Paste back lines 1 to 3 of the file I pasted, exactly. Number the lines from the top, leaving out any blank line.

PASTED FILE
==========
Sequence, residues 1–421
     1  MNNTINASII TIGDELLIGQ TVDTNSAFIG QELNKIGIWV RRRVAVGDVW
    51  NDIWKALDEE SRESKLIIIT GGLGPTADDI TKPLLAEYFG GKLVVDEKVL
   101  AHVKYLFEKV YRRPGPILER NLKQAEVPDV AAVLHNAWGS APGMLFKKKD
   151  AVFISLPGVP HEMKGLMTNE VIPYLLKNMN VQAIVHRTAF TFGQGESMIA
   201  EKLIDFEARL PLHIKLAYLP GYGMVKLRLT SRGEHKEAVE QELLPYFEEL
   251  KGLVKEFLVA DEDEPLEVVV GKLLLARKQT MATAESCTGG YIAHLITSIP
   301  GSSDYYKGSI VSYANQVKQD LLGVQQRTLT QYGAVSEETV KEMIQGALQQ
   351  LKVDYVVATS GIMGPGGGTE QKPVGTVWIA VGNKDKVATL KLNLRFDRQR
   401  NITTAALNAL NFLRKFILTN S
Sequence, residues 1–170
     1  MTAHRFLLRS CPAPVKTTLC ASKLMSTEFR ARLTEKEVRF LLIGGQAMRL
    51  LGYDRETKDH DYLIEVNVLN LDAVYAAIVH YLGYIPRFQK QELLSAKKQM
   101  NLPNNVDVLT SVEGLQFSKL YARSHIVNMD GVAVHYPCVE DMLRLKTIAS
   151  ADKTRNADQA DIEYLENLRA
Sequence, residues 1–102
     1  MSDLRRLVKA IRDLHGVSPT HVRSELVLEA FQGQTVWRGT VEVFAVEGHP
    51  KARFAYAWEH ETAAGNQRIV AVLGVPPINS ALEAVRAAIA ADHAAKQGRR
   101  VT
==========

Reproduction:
Sequence, residues 1–421
     1  MNNTINASII TIGDELLIGQ TVDTNSAFIG QELNKIGIWV RRRVAVGDVW
    51  NDIWKALDEE SRESKLIIIT GGLGPTADDI TKPLLAEYFG GKLVVDEKVL